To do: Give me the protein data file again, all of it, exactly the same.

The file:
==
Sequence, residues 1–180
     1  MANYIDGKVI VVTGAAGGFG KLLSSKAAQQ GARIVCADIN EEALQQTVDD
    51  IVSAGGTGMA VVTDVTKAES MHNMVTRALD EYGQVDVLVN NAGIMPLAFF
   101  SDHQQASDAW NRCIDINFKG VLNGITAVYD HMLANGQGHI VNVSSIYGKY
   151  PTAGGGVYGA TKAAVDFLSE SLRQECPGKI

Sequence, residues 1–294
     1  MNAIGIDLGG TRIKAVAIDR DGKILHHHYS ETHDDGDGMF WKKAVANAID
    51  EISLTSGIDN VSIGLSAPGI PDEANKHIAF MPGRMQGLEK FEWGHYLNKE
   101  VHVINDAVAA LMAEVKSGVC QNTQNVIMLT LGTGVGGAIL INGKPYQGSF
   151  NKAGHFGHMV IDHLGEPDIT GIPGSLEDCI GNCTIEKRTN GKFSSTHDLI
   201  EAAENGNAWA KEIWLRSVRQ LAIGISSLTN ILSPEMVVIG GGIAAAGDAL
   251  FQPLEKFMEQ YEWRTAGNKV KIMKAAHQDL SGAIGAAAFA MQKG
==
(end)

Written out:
Sequence, residues 1–180
     1  MANYIDGKVI VVTGAAGGFG KLLSSKAAQQ GARIVCADIN EEALQQTVDD
    51  IVSAGGTGMA VVTDVTKAES MHNMVTRALD EYGQVDVLVN NAGIMPLAFF
   101  SDHQQASDAW NRCIDINFKG VLNGITAVYD HMLANGQGHI VNVSSIYGKY
   151  PTAGGGVYGA TKAAVDFLSE SLRQECPGKI

Sequence, residues 1–294
     1  MNAIGIDLGG TRIKAVAIDR DGKILHHHYS ETHDDGDGMF WKKAVANAID
    51  EISLTSGIDN VSIGLSAPGI PDEANKHIAF MPGRMQGLEK FEWGHYLNKE
   101  VHVINDAVAA LMAEVKSGVC QNTQNVIMLT LGTGVGGAIL INGKPYQGSF
   151  NKAGHFGHMV IDHLGEPDIT GIPGSLEDCI GNCTIEKRTN GKFSSTHDLI
   201  EAAENGNAWA KEIWLRSVRQ LAIGISSLTN ILSPEMVVIG GGIAAAGDAL
   251  FQPLEKFMEQ YEWRTAGNKV KIMKAAHQDL SGAIGAAAFA MQKG